I’ll start to address my experiences with Classical Conversations (CC) here. Let me begin by emphasizing that overall I have been very pleased with the program and my family’s experience with it. We have become friends with some wonderfully kind and generous families in the five years we have been part of CC, and my son, in addition to making enduring friendships, has learned a ton. When I attempt to compare what my son has learned with what I knew at the same age, I’m always impressed and proud of him (and I was a pretty stellar student through my elementary years). That’s not all because of CC. But I think overall the program is excellent and most kids in it are learning plenty and being well-prepared for life.
CC implements a model based on the classical trivium, which identifies three main stages of learning: the grammar stage, the dialectic stage, and the rhetoric stage. The Foundations program in CC (1st – 6th grade) takes kids through the grammar stage, which is heavily focused of memorization, since the belief is that kids’ minds are specially wired for that at this age. My son is just finishing Foundations, and, indeed, I am astonished at how much information he can retain when he focuses on memory work. (My wife’s exasperation at how he can forget a simple household task she asked him to do three minutes previously is another story, that I expect many parents will chuckle and nod at.)
While anyone could buy CC materials and implement the program at home, everyone I’ve known that’s used it has been part of a CC community. These meet once a week to review the memory work in classes of five to ten, as well as to do oral presentations and art, music, and science activities. Parents are expected to reinforce the memory work at home throughout the week. I don’t doubt that some have used the materials as just a supplement, but I don’t personally know any who have done so, and my sense is that CC very much markets its program as a complete curriculum that is best done within a community. I will add that some subjects (math for sure) require way more than just CC content.
Much of the memory work is organized into question-response tidbits: Tell me about the Boston Tea Party. What is the formula for the area of a triangle? What is a participle? What is each continent’s highest mountain? Each prompt will have a response that students are expected to memorize verbatim, often with the assistance of catchy tunes the response is set to. The content isn’t flawless; in particular I’ve found the geography content to be oddly organized and sometimes simply wrong, and the maps CC provides can be sorely lacking. (Attentive readers may have surmised that I’m a connoisseur of maps, but apart from my admitted cartographic snobbery, CC’s maps really are substandard.) Still, overall I’m pleased with the content.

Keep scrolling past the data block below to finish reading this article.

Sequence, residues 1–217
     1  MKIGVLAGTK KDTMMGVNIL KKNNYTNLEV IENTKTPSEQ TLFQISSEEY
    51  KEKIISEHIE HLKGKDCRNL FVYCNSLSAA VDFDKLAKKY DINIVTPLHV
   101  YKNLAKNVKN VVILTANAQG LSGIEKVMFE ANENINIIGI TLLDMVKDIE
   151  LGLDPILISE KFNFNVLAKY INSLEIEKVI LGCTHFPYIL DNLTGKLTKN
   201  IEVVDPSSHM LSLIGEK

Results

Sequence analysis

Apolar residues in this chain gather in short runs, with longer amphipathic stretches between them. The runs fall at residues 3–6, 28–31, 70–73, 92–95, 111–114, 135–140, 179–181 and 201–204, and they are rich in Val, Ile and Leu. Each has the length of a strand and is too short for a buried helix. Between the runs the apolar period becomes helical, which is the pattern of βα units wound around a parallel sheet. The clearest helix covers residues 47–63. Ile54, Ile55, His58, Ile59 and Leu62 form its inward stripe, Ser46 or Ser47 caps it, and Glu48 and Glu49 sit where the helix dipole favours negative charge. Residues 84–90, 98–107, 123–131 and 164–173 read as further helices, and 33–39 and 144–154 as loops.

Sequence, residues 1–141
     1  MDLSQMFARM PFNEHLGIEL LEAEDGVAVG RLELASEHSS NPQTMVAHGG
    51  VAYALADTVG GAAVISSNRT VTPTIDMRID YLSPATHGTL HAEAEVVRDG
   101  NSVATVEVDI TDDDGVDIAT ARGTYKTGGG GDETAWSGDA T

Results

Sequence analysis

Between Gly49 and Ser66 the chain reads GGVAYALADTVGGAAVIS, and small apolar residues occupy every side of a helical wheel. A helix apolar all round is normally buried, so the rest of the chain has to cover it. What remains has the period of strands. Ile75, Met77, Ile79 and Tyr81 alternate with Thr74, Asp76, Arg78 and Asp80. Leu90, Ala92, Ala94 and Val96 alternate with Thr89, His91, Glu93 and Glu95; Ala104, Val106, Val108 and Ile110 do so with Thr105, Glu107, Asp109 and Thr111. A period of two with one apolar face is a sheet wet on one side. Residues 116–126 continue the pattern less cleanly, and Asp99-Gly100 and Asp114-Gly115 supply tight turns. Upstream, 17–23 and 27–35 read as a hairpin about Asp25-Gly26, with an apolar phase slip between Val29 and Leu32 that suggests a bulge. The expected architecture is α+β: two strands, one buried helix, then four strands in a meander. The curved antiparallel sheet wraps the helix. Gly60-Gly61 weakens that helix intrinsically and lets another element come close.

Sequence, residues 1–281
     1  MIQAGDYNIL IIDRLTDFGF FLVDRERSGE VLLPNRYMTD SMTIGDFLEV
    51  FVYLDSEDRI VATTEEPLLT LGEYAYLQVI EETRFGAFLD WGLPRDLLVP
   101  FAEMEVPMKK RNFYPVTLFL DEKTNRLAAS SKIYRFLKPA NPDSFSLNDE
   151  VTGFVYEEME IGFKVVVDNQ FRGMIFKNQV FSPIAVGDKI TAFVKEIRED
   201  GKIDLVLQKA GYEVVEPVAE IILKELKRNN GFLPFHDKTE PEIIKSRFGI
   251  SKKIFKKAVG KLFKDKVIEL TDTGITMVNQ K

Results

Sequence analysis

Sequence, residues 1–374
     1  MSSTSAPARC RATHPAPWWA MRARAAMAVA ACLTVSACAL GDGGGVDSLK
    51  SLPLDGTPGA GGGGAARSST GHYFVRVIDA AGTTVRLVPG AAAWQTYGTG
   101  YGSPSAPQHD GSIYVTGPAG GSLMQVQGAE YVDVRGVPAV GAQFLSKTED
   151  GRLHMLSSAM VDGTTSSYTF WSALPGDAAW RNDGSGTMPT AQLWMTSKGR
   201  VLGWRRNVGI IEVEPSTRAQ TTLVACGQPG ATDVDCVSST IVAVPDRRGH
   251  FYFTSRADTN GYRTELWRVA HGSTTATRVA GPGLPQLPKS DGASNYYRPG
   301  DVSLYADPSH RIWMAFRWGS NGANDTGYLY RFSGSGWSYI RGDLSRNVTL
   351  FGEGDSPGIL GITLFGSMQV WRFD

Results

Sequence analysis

Science is not my academic forte, but my concern regarding the topic of this forum was first raised during our second year of CC (I think), when I saw that one of the science prompts and replies read, What is the Theory of Evolution? The Theory of Evolution states that life began as a chance combination of non-living things. By this point I was well on my way to a “BioLogos-friendly” mindset (described above), and I immediately thought, “That’s just factually inaccurate. That’s not what the Theory of Evolution says at all.” Since my son was required to state the response verbatim as part of the “Memory Master” proofing process that culminates the year, I told him to memorize it that way, but also that I wanted him to understand that the sentence was wrong and that evolution has to do with how life has developed, not how it began. Otherwise, I didn’t make too much of a deal about it.
Around this time I also started to realize that many in the community were pretty staunch advocates of YEC ideology. This may seem shocking to many on this forum, especially given the number who have come from strong YEC backgrounds, but until a few years ago I truly didn’t know that large numbers of Americans took seriously the idea of a literal six-day creation a few thousand years ago. Seriously, I had been a Christian for over two decades, with my college years spent in the heart of the Bible Belt, but I really didn’t get this. But through things picked up in conversations over the years, a magazine my wife brought home one day that a friend had given her, continued exposure to CC resources, and plenty of reading about science and faith issues, I figured out that not only are there plenty who believe this, but I was educating my son in a milieu in which this was the predominant thinking. To be clear, it was the young earth dimension of the thinking that caught me off guard. I was certainly aware of widespread antagonism towards evolution within the Christian community, but inasmuch as I shared it or discussed it over the years, it would have been of the old earth or intelligent design variety. When I first got a sense of what is actually portrayed at the Creation Museum, I was dumbfounded.
I’m going to wrap up for today. I rarely have time write at this length, but the past two days have been unusual. I’m sorry if my posts are unduly long and personal. It just seems since I haven’t contributed to discussions previously, it may be helpful for readers to know some of my background. I’m really glad to see that others seem interested in this topic as well. And I’ll have more to add later.